Fairy tales: Billy Goat (TV, 2008)
This modern retelling of The Three Billy Goats Gruff was part of a short series of updated fairy tales the BBC ran in 2008. They weren’t that great, apart from this one which I rather enjoyed. Enough, in fact, to put it in our “Death Ray 5” – reviews of our five favourite entertainments of the month (or, sometimes, the absolute worst). From Death Ray 11.
Writer: Jeremy Dyson
Starring: Bernard Hill, Paul Nicholls, Mathew Horne, Nick Mohammed
The most successful of the BBC’s recent four-part Fairytale series, and the only one with fantasy elements.
Perhaps the reason why the BBC’s recent series of fairy tales didn’t work is that they were too far removed from what we instinctively regard as fairy tales – morality tales dressed up with magic pots and talking foxes. The Beeb took the morality element of each story they riffed on, turned it round to an ironic angle, chopped off the magic bits, then dropped it into the modern day.
Dyson’s Billy Goat, however, does work, not least because he keeps the fantasy part front and centre. In this northern soul update, Billy Goat is a boy band, comprising two brothers Gruff – Connor (Nicholls) and Dean (Horne), and their friend Rafiq (Mohammed). They are convinced that they are the next big thing, and when offered the opportunity to work in London, they are fired up with dreams of glory. But their manager Grettongrat, a mean old troll, stands in their way.
This is no mere retelling, nor is it a rewriting, as Jeremy Dyson, on the BBC website suggests it is, but a new story. Billy Goat only uses the original tale as a stepping off point for a play on prejudice and blind ambition. Dyson comes down heavily in favour of the troll in both his interpretation and his reinterpretation of the fairystory. He has a point, the original Billy Goats Gruff were a bunch of greedy bastards, but the Troll, unlike his Grettongrat, was a wholly unsympathetic monster that waylaid and ate innocent travellers.
So, in order to make his version work, the Gruffs have to be that little bit greedier, and the troll that little bit nicer. So what if Grettongrat locks dodgy market traders into cases full of stinging nettles, or coerces a magician to sign his contract by forcing his wife to eat animals in an order according to the song “There was an old lady who swallowed a fly”? Despite his violent tendencies, Grettongrat’s unfalteringly honest, a salt of the earth Mancunian who dispenses sage career advice, He’s a Shylock character (the character design is similar to a 19th century caricature of a Jew), an outsider with funny habits, but nevertheless as human as everyone else.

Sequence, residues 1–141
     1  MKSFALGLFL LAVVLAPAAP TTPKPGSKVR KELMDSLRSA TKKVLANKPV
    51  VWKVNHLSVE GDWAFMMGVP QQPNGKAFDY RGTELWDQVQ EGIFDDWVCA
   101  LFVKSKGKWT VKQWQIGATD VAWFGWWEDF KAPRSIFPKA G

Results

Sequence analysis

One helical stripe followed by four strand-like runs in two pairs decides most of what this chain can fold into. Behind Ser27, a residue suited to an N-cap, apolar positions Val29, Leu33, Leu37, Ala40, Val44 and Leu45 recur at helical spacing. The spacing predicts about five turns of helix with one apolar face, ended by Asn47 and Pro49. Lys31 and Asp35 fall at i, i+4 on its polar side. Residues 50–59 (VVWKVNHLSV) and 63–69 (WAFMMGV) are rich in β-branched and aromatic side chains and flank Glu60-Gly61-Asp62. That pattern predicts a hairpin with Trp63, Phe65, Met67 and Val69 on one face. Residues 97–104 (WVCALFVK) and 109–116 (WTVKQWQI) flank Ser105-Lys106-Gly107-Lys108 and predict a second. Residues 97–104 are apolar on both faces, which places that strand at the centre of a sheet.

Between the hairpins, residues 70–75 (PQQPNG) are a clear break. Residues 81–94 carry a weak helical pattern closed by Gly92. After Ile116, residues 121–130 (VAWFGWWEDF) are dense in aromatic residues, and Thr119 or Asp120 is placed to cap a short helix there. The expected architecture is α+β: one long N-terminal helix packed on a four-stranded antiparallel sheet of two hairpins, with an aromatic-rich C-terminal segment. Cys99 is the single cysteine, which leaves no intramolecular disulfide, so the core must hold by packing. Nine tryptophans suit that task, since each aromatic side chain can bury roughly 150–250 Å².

Bernard Hill’s masterful portrayal of the troll is the real engine behind the success of this story. Hill’s an actor of high calibre, and even a half-baked performance from him is a good one, but he is truly remarkable here, creating a character that is all pathos and the pain of rejection, wrapped up in a thick blanket of spiky pragmatism. It’s an award-winning turn. The remainder of the cast is excellent, but they are merely satellites orbiting Hill’s star.
There’s some other nice touches too, like Connor finding an old book, then disregarding what it says because it does not fit his dreams (a comment, perchance, on we modern types ignoring the age-old wisdom of the fairytale?), and of course a happily ever after, only not for who you might expect… Wholly brilliant.